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Welcome to the forums, MayK. Your question is a very common one. Many people would love to (or at least be willing to) care for loved ones, but cannot afford to do so financially. Since it is a common question you can find other posts about this topic. But I'll start the answers here with my perspective.

1. Does your mother have assets and/or income that she could use to pay you for her care? It does not make sense (to me) to hang on to assets or save up income to be able to leave an inheritance. Adults should be self-supporting as long as they are able. If Mom can afford to pay someone, the two of you can decide whether it would be better to pay an outsider or to pay you.

2. Does mother have any long-term care insurance? If so, read the entire document carefully and see what it covers for in-home care.

3. If Mom has minimal income and not much in the way of assets and no applicable insurance, she may be eligible for Medicaid. It varies by state. An assessment would be done to determine what in-home aid might be needed and available. In many states the eligible services could be provided by an agency or by a family member. The pay is the same.

4. As you've already observed, dementia is a progressive disease. Unless she dies first, Mom will reach a point where she cannot live alone; where she needs 24/7 support. Medicaid and other programs generally try for the most cost-effective care. Providing one-on-one support in a private home is far more expensive than providing care in a care center. So while Medicaid (or some program) may provide a certain number of hours paid help per week, once Mom needs more than that, a family member provides it at no cost or Mom moves into a care center.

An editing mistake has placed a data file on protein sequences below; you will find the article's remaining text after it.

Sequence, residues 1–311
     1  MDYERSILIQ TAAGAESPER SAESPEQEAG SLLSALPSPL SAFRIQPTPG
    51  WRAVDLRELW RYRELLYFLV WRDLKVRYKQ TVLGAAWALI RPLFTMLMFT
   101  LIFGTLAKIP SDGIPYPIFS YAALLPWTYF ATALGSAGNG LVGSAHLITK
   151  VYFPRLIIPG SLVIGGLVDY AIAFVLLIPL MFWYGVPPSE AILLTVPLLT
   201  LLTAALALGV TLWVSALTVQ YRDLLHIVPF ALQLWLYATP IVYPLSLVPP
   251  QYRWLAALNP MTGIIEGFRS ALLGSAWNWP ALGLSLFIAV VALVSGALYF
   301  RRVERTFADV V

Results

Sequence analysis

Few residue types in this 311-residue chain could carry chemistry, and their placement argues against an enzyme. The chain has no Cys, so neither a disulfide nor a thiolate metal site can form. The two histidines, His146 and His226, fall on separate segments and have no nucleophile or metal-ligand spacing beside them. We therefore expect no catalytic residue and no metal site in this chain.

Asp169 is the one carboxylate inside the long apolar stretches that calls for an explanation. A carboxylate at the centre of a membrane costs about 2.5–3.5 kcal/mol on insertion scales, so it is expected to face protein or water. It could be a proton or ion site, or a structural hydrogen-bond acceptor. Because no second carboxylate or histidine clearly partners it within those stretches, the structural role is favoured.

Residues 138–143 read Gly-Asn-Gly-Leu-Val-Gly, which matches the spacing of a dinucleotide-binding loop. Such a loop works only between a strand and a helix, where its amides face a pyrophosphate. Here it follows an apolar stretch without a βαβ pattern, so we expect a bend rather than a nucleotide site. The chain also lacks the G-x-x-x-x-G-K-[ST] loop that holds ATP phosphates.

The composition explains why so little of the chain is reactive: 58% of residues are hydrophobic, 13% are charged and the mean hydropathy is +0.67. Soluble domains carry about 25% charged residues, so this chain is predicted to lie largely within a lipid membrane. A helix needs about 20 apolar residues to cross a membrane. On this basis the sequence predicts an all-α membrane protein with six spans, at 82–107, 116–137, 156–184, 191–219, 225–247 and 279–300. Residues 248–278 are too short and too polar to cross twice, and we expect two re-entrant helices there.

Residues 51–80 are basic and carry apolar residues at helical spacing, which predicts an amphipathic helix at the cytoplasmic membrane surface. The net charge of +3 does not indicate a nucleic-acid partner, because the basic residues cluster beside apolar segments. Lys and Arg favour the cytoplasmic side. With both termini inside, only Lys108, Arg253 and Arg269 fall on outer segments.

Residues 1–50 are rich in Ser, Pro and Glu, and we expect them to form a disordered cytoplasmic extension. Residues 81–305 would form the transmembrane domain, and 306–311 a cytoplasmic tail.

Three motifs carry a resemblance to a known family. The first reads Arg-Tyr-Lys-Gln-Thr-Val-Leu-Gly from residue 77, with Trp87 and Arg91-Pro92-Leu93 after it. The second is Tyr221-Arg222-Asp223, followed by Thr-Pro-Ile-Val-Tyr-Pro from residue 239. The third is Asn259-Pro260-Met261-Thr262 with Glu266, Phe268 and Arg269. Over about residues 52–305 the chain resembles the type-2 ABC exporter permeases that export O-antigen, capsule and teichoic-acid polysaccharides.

5. I'm going to share my family's experience. Keep in mind that we live in one of the most "generous" states with Medicaid administration.

Mom lived in a subsidized senior apartment building. Us daughters took her shopping, helped with apartment cleaning, etc. and she got along fine. She began having dementia symptoms. We stepped up our help and visiting schedule. It became apparent that was not enough. We called in Human Services for a needs assessment. They determined our mother was in need of and eligible for a number of services in order to keep her in her apartment. These were put in place. My handicapped brother was paid to do the laundry and housekeeping that was approved.

The dementia progressed, as did her mobility issues. All parties agreed that our mother needed round-the-clock care. One daughter had just retired and offered to take Mother into her home. She charged Mother room-and-board (amount Mother had been paying for subsidized rent) and she also got paid for caregiving through Medicaid. (She could also have chosen to have an agency send someone.) This lasted 14 months.

Our mother's medical problems progressed to the point where it was no longer feasible for her to be cared for in a private home with only one shift of workers. We moved her into a nursing home, paid for by Medicaid. She has been there two years and although the dementia is progressing she is content and thriving.

6. Based on our experience, if #1 and #2 above don't apply, the place to start is with a needs assessment by the county. There may be a wait for this appointment. Be patient. And be present during the interview. Older people sometimes hate to admit their limitations.

MayK, whether you and Mom should live together is a separate question. It is also a question that is debated often on this forum.

I think your first step is to find out what kind of financial assistance (if any) your mother is eligible for.
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Talk to Medi-Cal. She would have to be on Medi-Cal.